The owner of 1223 Surf Avenue, Fox 18 Realty, LLC, purchased the lot from Horace Bullard for $1,344,000 in 2010. The property has been vacant since 2001, when the Giuliani administration repeatedly ticketed and finally got rid of the flea market that had operated on the lot since the 1980s. The headline in the Daily News read “CONEY SMALL BIZ BLITZ STORM OF TICKETS TIED TO DEBUT OF CYCLONES.”

Prior to the flea market, independent rides have come and gone from the lot for as far back as anyone can recall. In the late 1940s and 1950s, the Pinto Brothers, who also manufactured kiddie rides on 8th Street in Coney Island, operated a Whip here and a Crazy Ghost ride nearby. In the 1960s this location was home to McCullough’s Illions carousel, which was moved from Surf and 15th Street, until it was dismantled in 1968. A Sky Rapids water slide, a Jumbo coaster that resembled a Jumbo Jet, and go karts took turns operating there in the 1970s.

Once home to a variety of rides including Bumper cars and the B & B Carousell, the north side of Surf Avenue is now attracting bars, clubs and restaurants. Coney Island Bar & Grill, Tattoo Shot Lounge and the popular Grimaldi’s Pizzeria are the new face of the north side of Surf. At long last, the furniture stores named after amusement parks appear to be on their way out.

Sky Rapids Ride

Sky Rapids Ride at 1223 Surf Avenue, Coney Island January 1, 1979. Photo by Abe Feinstein via Coney Island History Project

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June 23, 2012: Opening Today: Coney Island Grimaldi’s Pizzeria

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Stillwell Terminal Store

Last Store for Rent in Stillwell Terminal. November 14, 2011. Photo © Tricia Vita/me-myself-i via flickr

Coney Island’s Stillwell Terminal, which was reconstructed from 2001 to 2005, is about to be fully leased. The last chance to rent the last vacant store in one of the world’s largest above-ground subway terminals is coming up on Friday. Proposals should be submitted to the MTA by 3pm on December 2nd. For a copy of the RFP, contact the MTA Real Estate Department.

The suggested use for the approximately 625 square foot space is retail or food. The suggested annual rent is $45,000 with a 3% – 5% annual increase over the term of the ten-year lease. That works out to be $72 per square foot, but the potential tenant may offer more or less. The tenant is responsible for building the entire interior, installing utilities and other improvements according to strict specifications set by the MTA.

Not permitted: “Video games and arcades are not allowed. Stores selling t-shirts, beach-related accessories or Asian-themed dry goods are not allowed. Any selling of ice cream, donuts, submarine sandwiches, or grocery-type items is not allowed. ATMs or typical newsstand- type items are not allowed. Store is required to be open year-round (not just in summer months).”

Arcade games are apparently banned by the MTA and the restricted items are already sold by current tenants.Stillwell Terminal shops are occupied by Dunkin Donuts/Baskin Robbins, Subway, Bank of America and a newsstand. Lola Star Boutique, Coney Island Beach Shop and Coney Island Gift Shop have the T-shirt and beach gear market covered. Gourmet Food, which sells imported chocolate, cookies and nuts, as well grocery items, opened this month.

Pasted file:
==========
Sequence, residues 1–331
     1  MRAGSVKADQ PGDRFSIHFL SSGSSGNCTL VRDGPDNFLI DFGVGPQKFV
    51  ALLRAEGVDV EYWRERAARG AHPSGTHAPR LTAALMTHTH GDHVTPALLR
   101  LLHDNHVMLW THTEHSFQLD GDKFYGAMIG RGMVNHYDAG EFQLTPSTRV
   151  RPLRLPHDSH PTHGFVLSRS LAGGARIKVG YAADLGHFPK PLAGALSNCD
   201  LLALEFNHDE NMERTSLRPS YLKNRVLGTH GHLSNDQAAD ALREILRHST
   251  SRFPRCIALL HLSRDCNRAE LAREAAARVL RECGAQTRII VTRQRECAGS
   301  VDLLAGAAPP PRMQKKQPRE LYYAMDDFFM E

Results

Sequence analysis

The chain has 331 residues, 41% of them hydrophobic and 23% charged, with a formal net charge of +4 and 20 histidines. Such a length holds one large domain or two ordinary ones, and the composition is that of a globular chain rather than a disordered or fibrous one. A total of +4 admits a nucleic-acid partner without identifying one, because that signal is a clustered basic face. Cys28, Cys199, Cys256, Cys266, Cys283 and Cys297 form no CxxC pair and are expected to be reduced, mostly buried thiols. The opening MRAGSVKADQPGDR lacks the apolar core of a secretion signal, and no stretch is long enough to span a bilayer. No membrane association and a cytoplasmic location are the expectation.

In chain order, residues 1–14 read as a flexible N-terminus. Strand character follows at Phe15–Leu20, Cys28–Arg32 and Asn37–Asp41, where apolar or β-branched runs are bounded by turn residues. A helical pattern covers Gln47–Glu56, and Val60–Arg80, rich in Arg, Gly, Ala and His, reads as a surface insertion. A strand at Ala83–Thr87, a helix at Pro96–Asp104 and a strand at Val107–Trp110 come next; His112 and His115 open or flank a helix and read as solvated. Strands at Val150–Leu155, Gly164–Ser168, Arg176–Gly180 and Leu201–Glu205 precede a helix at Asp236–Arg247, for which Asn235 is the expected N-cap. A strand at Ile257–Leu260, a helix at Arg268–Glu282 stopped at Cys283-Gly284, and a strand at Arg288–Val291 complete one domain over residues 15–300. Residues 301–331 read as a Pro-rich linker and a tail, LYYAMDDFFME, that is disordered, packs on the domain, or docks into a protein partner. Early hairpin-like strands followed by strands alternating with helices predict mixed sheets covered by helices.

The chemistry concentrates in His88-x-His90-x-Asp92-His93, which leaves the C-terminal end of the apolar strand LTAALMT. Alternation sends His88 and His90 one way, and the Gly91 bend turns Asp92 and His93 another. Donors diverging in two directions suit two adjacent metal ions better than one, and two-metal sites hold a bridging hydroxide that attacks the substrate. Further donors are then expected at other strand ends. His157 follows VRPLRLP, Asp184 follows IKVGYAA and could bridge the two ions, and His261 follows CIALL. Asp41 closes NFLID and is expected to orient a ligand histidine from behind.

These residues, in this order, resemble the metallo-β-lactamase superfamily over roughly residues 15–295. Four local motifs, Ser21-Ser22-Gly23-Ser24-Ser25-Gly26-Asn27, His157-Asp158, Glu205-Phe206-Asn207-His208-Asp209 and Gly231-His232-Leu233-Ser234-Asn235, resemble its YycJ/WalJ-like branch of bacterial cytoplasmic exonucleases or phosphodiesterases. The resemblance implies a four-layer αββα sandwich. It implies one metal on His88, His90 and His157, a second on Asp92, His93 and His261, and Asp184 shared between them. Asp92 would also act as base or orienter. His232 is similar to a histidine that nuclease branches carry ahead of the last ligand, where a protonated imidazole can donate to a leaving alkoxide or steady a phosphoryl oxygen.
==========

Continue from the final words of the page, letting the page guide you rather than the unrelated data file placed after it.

The RFP also contains an interesting statistic: The annual average weekday station customer count –paid entry at station only, not exiting– is 12,240. Summer passenger count increases significantly. For Saturdays in June, July and August in 2009, average paid entry was 22,411.

Gourmet Shop

Newly Opened Gourmet Food Shop, Stillwell Terminal. November 14, 2011. Photo © Tricia Vita/me-myself-i via flickr

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November 15, 2011: Coney Island 2012: What’s New on the Boardwalk

October 17, 2011: Popeyes Chicken Returning to Coney Island’s Surf Avenue

March 17, 2010: Photo of the Day: The “E” is Relit in Coney Island Sign at Stillwell

June 17, 2009: Coney Island’s Stillwell Terminal: New, Stay Tuned & Still Under Construction

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Surf Ave. Lot for Lease next to Stillwell Terminal

Surf Ave. Lot for Lease next to Stillwell Terminal. December 23, 2010. Photo © Bruce Handy/Pablo 57 via flickr

Last week leases went out to two fast food restaurants for space in a two-story commercial building to be built on the long vacant lot next to Coney Island’s Stillwell Terminal. Built to suit/subdivide, the new building will have 10,000 square feet on the first floor and 5,000 square feet on the second floor.

Although the broker could not disclose the names of the restaurants until the leases are signed, the Coney Island Rumor Mill has been saying for weeks that Popeye’s Chicken would reopen at this location. Popeye’s owner began looking at space on the north side of Surf after getting booted out of the Henderson Building by Thor Equities. Popeye’s had been at the Henderson location for 27 years.

ATZ obtained the plans for the 1223 Surf Avenue building from broker Joe Vitacco of Jacob Gold Realty. “We sent out leases for two spaces, both on the left side of the property. They will be fast food,” said Vitacco. But there’s still room for more. “The remaining space, which is about 4,500 square feet, could be a restaurant by itself or in conjunction with the 5,000 square foot second floor that will have a 4,500 square foot terrace overlooking Surf. There will be an elevator connecting the first and second floors. The second floor will be 22 feet above grade and will have a panoramic view of the ocean.” The plans for the second story show a terrace that is approximately 27 feet deep by 65 feet wide. Takers?

Plan for Surf Ave Building

Second Floor: Plan for Two Story Commercial Building at 1223 Surf Avenue in Coney Island

When ATZ asked what’s the other fast food restaurant? Vitacco said, “You’ll be surprised.” If you’d like to hazard a guess, go right ahead and post a comment. Keep in mind that Stillwell Terminal already has Dunkin Donuts/Baskin Robbins and Subway franchises. There’s a McDonald’s Cafe at Stillwell and Mermaid Avenues.